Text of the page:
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How does software volume control work ?
goodsound
post Mar 1 2006, 18:30
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How exactly does software (windows mixer, players like foobar, etc..) volume control work ? Is it the equivalent of replay gain or normalizing ? or is it more "electronic" or "hardware" than that ?
Thanks.
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Shade[ST]
post Mar 1 2006, 18:37
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It can be approximated by normalizing. No analysis is performed on sound to determine percieved loudness; It simply multiplies the played back samples by a constant number.
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gasmann
post Mar 1 2006, 18:38
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It depends. Windows Mixer and most players use the sound drivers implementation for setting the volume.
Foobar2000 does it on it's own - it scales the output before sending it to the driver, and is thereby not using the sound drivers implementation. However, it depends on it too since the data sent to the driver by foobar will be output to speakers/headphones etc. at the sound drivers volume setting. So in this case it's like two mixers in a chain.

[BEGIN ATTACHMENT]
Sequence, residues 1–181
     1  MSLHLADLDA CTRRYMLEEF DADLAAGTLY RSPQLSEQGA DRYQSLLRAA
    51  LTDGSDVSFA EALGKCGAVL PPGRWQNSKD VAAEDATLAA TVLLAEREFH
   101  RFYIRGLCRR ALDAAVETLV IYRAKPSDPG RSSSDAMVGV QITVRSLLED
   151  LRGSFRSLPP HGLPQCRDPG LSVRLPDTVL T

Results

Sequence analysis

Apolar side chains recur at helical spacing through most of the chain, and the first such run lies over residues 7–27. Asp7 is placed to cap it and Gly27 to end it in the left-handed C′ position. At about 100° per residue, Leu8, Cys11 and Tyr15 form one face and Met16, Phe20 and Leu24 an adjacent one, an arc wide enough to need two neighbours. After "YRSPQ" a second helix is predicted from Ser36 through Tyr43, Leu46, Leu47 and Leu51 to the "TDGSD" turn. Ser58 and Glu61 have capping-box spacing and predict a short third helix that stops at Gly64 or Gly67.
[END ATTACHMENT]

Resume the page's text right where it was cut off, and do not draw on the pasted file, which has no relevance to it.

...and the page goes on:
And no, it doesn't have anything to do with rg or normalizing in this case. Normalizing means scaling the waverform so that the peak is at or very near 100% (-0dB), and RG means making all tracks/albums have the same overall loudness.

This post has been edited by gasmann: Mar 1 2006, 18:39


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Shade[ST]
post Mar 1 2006, 19:09
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You don't have to normalize to a specified level. Normalization only involves multiplying a statistic set by a constant number.

http://en.wikipedia.org/wiki/Audio_normalization
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saratoga
post Mar 1 2006, 19:20
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In addition to scaling the samples, some software (Ipod OS for instance) controls the output power level on the audio hardware.
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goodsound
post Mar 1 2006, 20:11